Last spring Towards the Forest: Knausgaard on Munch opened at the Munch Museum in Oslo. At first glance, the invitation to curate the exhibit seems proof of Karl Ove Knausgaard’s installation in the Norwegian pantheon, justified by his fame alone. But this is not one dour Nordic genius paying homage to his dour Nordic predecessor. Knausgaard is not obligated by the curator’s aspiration to historical comprehensiveness, and refrains from the didactic tone that has become the lingua franca of placards and audio guides. Collaborating with curator Kari J. Brandtzaeg to comb through more than one thousand paintings, eighteen thousand prints, nearly eight thousand drawings and watercolors, and fourteen sculptures from the Munch Museum collection, Knausgaard selected 143 rather obscure works from the artist’s oeuvre, some exhibited for the first time.
According to the traditional account, Munch’s style underwent a dramatic change following a self-described “nerve crisis” that landed him in a mental institution in 1908. The paintings of the 1890s—his most iconic images—gave way to a more extroverted, colorful style, in which the primary subject is not the self, but others, and the world. But for Knausgaard, the world is never absent from Munch’s work. One of the few gnomic texts that adorn the otherwise spare walls of the Munch Museum reads, “Art is just as much about searching as it is about creating. But if that is so, searching for what? For ways of entering reality, of entering into the world.” This, too, is what Knausgaard sets out to do in his writing, where he speaks of “opening the world.”
Like each volume of My Struggle, the four galleries of the exhibit have titles: “Light and Landscape,” “The Forest,” “Chaos and Energy,” and finally “The Others.” Walking through the large, open rooms of the museum, I started thinking of each room as a volume in a visual book—in vertiginous moments it even seemed as if My Struggle had been made three-dimensional. And without the mediation of placards explaining the titles and dates of pieces, or their art historical significance, we are invited to see the art as Knausgaard does. “My only parameter with art,” the narrator of My Struggle says in Volume One, was “the feelings it aroused”:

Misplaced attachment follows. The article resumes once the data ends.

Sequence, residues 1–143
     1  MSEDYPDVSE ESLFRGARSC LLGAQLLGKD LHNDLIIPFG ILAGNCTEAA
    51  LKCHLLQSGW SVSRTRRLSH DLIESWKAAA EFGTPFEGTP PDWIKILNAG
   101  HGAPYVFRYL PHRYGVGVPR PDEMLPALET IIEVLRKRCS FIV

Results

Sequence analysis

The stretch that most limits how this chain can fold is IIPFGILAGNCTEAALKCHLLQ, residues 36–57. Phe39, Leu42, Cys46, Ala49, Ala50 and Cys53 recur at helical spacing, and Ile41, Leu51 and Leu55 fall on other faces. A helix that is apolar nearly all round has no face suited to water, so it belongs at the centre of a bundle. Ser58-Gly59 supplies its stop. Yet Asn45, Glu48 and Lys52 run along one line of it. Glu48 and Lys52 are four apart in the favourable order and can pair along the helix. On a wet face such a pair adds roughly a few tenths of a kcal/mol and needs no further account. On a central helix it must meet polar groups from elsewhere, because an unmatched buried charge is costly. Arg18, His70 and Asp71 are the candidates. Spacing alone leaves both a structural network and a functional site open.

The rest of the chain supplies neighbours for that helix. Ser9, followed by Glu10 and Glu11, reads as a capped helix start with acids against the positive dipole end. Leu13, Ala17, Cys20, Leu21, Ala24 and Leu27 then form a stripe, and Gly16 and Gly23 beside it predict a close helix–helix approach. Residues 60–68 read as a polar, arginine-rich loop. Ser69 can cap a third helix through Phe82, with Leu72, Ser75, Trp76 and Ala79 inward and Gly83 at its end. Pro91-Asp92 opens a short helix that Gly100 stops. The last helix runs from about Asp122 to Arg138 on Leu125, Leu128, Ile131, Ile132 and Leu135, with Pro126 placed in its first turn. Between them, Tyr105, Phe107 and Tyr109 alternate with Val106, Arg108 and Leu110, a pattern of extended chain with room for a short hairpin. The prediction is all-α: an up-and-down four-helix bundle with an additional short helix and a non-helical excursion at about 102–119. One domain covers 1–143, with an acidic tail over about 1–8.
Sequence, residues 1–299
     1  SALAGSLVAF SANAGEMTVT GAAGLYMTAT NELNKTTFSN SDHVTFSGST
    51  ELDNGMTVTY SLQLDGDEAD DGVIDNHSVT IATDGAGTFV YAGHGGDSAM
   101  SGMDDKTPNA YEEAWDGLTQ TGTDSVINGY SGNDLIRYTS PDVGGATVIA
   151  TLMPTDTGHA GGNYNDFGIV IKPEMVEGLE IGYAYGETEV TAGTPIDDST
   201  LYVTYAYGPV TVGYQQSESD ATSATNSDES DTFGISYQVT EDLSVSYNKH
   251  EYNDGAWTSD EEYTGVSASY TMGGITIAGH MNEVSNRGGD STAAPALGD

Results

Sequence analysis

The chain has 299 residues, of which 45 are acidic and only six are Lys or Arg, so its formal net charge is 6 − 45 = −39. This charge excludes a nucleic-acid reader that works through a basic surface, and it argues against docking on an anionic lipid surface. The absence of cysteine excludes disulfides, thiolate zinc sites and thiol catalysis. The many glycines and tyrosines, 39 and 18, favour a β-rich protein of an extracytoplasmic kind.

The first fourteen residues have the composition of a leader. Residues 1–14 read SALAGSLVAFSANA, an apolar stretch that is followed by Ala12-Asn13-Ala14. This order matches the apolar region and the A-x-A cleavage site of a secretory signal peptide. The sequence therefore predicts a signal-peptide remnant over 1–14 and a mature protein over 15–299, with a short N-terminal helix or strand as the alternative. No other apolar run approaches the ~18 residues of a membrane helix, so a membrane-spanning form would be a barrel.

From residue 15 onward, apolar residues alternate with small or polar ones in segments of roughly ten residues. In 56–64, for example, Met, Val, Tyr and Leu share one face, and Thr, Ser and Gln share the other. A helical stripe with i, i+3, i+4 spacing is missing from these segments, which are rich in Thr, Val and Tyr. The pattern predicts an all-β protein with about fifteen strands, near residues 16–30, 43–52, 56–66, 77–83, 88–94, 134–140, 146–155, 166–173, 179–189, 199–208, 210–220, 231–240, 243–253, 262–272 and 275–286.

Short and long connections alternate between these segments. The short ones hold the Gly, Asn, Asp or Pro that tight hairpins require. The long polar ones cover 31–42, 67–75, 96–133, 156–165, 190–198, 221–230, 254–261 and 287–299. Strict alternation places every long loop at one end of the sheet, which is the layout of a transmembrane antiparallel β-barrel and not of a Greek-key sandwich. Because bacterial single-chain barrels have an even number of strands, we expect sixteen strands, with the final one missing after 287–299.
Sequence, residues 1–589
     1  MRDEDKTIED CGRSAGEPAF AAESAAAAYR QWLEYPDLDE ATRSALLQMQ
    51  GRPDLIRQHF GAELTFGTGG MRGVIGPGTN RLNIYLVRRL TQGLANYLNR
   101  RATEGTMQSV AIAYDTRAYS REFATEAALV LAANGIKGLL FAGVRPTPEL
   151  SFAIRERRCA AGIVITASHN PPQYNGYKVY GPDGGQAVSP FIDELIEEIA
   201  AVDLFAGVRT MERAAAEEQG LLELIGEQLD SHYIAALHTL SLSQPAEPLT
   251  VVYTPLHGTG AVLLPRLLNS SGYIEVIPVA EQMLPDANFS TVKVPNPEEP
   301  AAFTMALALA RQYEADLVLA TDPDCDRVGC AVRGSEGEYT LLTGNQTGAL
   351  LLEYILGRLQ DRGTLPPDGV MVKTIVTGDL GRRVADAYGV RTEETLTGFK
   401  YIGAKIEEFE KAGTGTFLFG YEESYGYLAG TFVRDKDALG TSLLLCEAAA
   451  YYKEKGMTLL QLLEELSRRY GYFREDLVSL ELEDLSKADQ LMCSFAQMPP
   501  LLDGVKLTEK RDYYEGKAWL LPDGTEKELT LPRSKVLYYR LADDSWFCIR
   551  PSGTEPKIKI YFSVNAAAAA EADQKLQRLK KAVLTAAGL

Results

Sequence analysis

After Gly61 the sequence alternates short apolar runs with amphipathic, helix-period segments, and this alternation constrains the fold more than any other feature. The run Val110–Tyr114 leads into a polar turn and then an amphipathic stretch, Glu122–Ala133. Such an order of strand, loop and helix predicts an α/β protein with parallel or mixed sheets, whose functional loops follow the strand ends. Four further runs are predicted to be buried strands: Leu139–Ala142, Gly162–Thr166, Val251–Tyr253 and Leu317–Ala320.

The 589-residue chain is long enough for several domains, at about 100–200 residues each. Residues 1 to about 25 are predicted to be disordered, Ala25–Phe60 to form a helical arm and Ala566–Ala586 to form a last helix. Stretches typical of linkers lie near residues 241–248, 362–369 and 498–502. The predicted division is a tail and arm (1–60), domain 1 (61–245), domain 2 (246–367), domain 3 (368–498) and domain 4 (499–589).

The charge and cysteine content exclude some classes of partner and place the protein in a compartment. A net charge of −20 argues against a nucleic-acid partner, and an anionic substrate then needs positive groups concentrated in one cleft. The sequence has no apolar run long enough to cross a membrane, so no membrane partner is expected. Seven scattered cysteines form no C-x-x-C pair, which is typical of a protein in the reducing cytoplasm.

The experience did not favor any particular epoch, nor any particular painter, since it could apply to a single work by a painter and leave everything else the painter did to one side. Nor did it have anything to do with what is usually termed quality; I could stand unmoved in front of fifteen paintings by Monet, and feel the warmth spread through my body in front of a Finnish impressionist of whom few outside Finland had heard.
The origin of this exhibition is told perhaps by accident in Autumn, Knausgaard’s latest book—itself like a picture gallery, with short, intensely descriptive essays on the objects and experiences that make up his life—when Knausgaard describes his first real encounter with Munch at the age of seventeen. Wandering through National Gallery in Oslo, he came upon the room devoted to the artist. When he entered the space, “everything else paled. This was what it was all about. Art was the exception. The exception opened up the moment, broke through time and created a presence, in the vortex of which everything became meaningful.” Knausgaard imagines that Munch experienced something similar when he was driven by some mysterious compulsion to paint.